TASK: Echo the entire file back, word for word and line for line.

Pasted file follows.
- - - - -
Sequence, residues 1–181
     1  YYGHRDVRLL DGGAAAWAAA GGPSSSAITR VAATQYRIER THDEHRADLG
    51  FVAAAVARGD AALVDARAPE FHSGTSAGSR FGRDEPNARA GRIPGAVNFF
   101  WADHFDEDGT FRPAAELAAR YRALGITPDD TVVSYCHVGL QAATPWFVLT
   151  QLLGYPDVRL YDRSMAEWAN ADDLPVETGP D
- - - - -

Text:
Sequence, residues 1–181
     1  YYGHRDVRLL DGGAAAWAAA GGPSSSAITR VAATQYRIER THDEHRADLG
    51  FVAAAVARGD AALVDARAPE FHSGTSAGSR FGRDEPNARA GRIPGAVNFF
   101  WADHFDEDGT FRPAAELAAR YRALGITPDD TVVSYCHVGL QAATPWFVLT
   151  QLLGYPDVRL YDRSMAEWAN ADDLPVETGP D